Today is Saturday; 29th of the Iranian month of Khordad 1400 solar hijri; corresponding to 8th of the Islamic month of Zil-Qa’dah 1442 lunar hijri; and June 19, 2021, of the Christian Gregorian Calendar.
2261 solar years ago, on this day in 240 BC, Greek astronomer and mathematician, Eratosthenes, estimated the circumference of the earth. As director of the library of Alexandria in Ptolemaic Egypt, he read in a papyrus book that in the city of Syene (present day Aswan) as noon approaches on the summer solstice (longest day of the year), shadows of temple columns grow shorter, disappearing completely at noon when the sun is directly overhead. While at the same time, 843 km away to the north in Rhacotis (the ancient Egyptian city on which Alexandria was founded), where because of the time difference, a rod could cast a pronounced shadow. Thus, he realized that the surface of the Earth could not be flat. It must be curved. Using the length of the rod, and the length of the shadow, as the legs of a triangle, he calculated the angle of the sun’s rays. This turned out to be about 7°, or 1/50th the circumference of a circle. Taking the Earth as spherical, and knowing both the distance and direction of Syene, he concluded that the Earth’s circumference was fifty times that distance.
1063 lunar years ago, on this day in 379 AH, the Iranian Islamic astronomer, mathematician, and historian of science, Abu Hamed Ahmad Ibn Mohammed as-Saghani al-Asturlabi, passed away in Baghdad. He was from the town of Saghan in Khorasan near the city of Merv, which is presently in Turkmenistan, and lived most of his life in Baghdad. As is evident from his last surname “al-Asturlabi”, he was a maker of astrolabes and invented many other instruments, while working in the observatory built by Sharaf od-Dowla Daylami, the Iranian Buwaiyhid ruler of Iraq. He worked on the trisection of the angle. He wrote some of the earliest comments on the history of science. These included comparison between the “ancients” that is, the Babylonians, Egyptians, Persians, Greeks and Indians, and the “modern scholars”, that is, the Muslim scientists of his time.
1057 lunar years ago, on this day in 385 AH, the Shafei hadith scholar Ali Ibn Omar Dar Qutni, passed away in his hometown Baghdad. After basic studies in Baghdad, Kufa, Waset and Basra, he traveled to Egypt and Greater Syria, in search of hadith. He was an authority on poetry and literature as well. Among his works, mention can be made of the book known as “Sunan Dar Qutni”, in which he has collected the hadith through different sources, and has mentioned some of the merits of the Infallible Ahl al-Bayt of Prophet Mohammad (SAWA).
754 lunar years ago, on this day in 688 AH, Iranian philosopher, Sufi writer, and Persian poet, Fakhr od-Din Ibrahim bin Bozorgmehr Iraqi, passed away in Damascus at the age of 80, and was laid to rest beside the tomb of the famous Spanish Muslim Gnostic, Sheikh Mohy od-Din ibn al-Arabi. Born in Hamadan, western Iran, he spent many years in Multan, (present day Pakistan) as well as in Konya and Toqat in present day Turkey. He was highly educated in both theology and literary disciplines and not only knew the Holy Qur’an, hadith and its exegesis, but also Persian and Arabic literature. In Multan he became a disciple of the Head of the Suhrawardi Sufi Order, Shaikh Baha od-Din Zakariyya, married his daughter, and stayed for twenty-five years. He then traveled first to Mecca and Medina, and later visited Konya, where he became a good friend of the famous Persian mystical poet, Mowlana Jalal od-Din Rumi. He also met Sadr od-Din Qunawi, who helped to shape him intellectually, as Shaikh Baha od-Din Zakariyya had shaped him spiritually. After Rumi’s death, he moved to Toqat, at a time when there was much upheaval on the Byzantine border. The local ruler did not like him because of his influence over the people; so he fled to Cairo in Egypt. Later he settled in Damascus. His writings include “Lama’at” (Divine Flashes). His Diwan has been published in Iran under the title of “Kulliyaat-e Iraqi”. Another of his works is “Ushshaq-Namah” written during his stay in Multan and dedicated to the vizier Shams od-Din Juwayni.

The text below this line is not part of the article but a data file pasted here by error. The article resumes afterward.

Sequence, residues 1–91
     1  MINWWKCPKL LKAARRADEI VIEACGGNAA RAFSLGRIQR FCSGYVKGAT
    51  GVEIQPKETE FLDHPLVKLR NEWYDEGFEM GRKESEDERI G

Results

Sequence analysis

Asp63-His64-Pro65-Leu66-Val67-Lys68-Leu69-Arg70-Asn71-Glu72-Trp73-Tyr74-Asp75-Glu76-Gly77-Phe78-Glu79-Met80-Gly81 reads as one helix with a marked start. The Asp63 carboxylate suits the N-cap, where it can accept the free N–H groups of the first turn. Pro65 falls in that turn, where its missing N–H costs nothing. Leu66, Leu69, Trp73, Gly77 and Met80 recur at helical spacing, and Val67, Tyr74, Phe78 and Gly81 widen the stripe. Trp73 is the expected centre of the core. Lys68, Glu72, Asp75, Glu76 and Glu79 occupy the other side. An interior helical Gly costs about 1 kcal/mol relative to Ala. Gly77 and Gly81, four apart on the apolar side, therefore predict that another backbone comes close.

752 solar years ago, on this day in 1269 AD, King Louis IX of France ordered all Jews found in public without an identifying yellow badge of “shame” to be fined ten livres of silver. The Jews were subjected to persecution and humiliation in Christian Europe that often resulted in the burning of their localities and mass massacres, at a time when they enjoyed all rights in Muslim lands and rose to prominent positions. Louis IX was an avowed enemy of Muslims as well, and suffered a humiliating defeat in 1250 in the Battle of Fareskur in Egypt which he had invaded as head of the 7th crusade – in league with the Buddhist Mongols, who were ravaging Iran and the Muslim World from the east. While trying to flee, the French king was captured along with his brothers, and had to procure release by paying a huge ransom. In 1270 he mobilised the 8th Crusade and invaded Tunis along with Prince Edward of England, to use it as a base for attacking other Muslim lands, especially Palestine. Disease and dysentery struck the crusader camps as Divine Wrath, resulting in the death of many including Louis IX himself in August the same year, thereby aborting the Crusade.